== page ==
Samantha Skelly: But my first company Hungry for Happiness, where we help people who struggle with emotional eating and binge eating, I started to test out some of the breathwork methods with them. I did every facilitator training on the market at that time. 10 years ago, it was very limited, but I did every single one. And I began to just support my clients who were struggling with emotional eating and binge eating. I started to teach them breath work. And they were like, “Oh my goodness, I had no idea that I could feel, I had no idea that I could tell the difference between an emotional hunger cue and a physical hunger cue. I didn’t even know that I had emotional needs until I really got in my body and became embodied.” So that, that work started to progress with, with my clients in Hungry for Happiness. And then two years ago we started Pause Breathwork, which is, you know, a brand of its own.
Samantha Skelly: And our mission with Pause Breathwork is to decrease human suffering and increase human consciousness through the power of breathwork. And it’s super exciting. It’s super exciting. It’s the most beautiful thing with breathwork is it’s instant and it goes right to the source. You know, we don’t have to meditate and work and take it slow and just wait and wait and wait and wait and wait. We’re directly in the pocket of where we want to feel into. And another big difference with breathwork is we don’t have to think about how to feel better. We just go right into the energy of what work, we just go right into what we’re experiencing. We begin to feel through it and heal through it. So that’s sort of my journey with it. I healed myself with my eating disorder through breathwork. I then supported my clients after I healed through it. And now, now I’m teaching it and facilitating it and training facilitators and et cetera, et cetera, et cetera. So it’s been my journey.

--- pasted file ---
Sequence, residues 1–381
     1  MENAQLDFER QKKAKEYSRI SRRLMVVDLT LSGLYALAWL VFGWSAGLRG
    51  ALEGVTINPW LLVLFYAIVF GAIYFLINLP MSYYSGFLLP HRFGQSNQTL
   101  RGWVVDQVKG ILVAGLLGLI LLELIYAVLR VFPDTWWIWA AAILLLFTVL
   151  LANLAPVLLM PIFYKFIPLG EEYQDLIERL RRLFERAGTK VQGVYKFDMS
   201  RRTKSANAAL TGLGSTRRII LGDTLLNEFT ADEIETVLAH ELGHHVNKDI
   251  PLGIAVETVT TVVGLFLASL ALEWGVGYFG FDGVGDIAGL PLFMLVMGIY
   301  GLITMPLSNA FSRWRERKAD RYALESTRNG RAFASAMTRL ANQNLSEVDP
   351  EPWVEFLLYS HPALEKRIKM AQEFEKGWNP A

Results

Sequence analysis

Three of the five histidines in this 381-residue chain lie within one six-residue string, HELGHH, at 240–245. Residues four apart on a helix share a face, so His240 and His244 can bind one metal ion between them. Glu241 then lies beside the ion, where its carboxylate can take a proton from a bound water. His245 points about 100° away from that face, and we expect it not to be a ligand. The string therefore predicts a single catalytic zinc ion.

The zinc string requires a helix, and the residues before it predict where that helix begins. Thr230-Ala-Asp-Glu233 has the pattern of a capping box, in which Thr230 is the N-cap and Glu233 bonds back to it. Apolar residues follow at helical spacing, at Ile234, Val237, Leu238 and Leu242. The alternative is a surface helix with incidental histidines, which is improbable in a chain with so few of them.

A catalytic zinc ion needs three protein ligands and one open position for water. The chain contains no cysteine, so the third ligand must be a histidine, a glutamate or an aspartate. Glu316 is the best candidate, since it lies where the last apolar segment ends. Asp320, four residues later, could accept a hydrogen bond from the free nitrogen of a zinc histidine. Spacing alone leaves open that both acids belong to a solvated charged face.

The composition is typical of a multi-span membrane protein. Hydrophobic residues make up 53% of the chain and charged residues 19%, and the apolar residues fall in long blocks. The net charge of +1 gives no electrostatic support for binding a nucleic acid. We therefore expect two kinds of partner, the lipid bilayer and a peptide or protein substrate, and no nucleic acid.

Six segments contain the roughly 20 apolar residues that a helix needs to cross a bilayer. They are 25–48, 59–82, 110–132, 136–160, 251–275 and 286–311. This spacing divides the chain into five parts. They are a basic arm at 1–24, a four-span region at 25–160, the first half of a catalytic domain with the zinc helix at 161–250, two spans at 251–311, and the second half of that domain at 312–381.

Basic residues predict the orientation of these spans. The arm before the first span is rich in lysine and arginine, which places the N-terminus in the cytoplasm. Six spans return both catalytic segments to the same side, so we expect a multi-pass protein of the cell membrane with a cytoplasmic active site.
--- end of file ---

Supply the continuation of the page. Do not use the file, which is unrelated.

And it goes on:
Katrina Ubell: Yeah. And so by eating disorder, it was binge eating disorder is what you-
Samantha Skelly: Yeah.
Katrina Ubell: … deal with?
Samantha Skelly: Yeah. Like I restrict and overeat, restrict and overeat, yeah.
Katrina Ubell: Okay. And then just totally curious, because you know, the whole dance and acting, you know, like that’s such an intense, you know, kind of industry anyway, and of course completely centered around what you look like. And I was curious, it really was you stopped and then started having that problem. Did you start gaining weight because you weren’t so active anymore? I’m just curious-
Samantha Skelly: Exactly.
Katrina Ubell: … thought that it would have, if I had to guess I would have guessed it would have started while you were doing it.
Samantha Skelly: So the body image issue started as young as 12. So I was always like hypercritical, hypervigilant around my body, but because I was an athlete, it didn’t take a hit on my food. I was very conscious. When I was 18, I stopped exercising. I stopped dancing. I stopped doing everything. I was like, Oh my gosh, I’m not active anymore. I got to go on a diet. Actually the first diet that I ever went on was the Cabbage Soup Diet where I, have you ever heard of? The classic.
Katrina Ubell: The classic.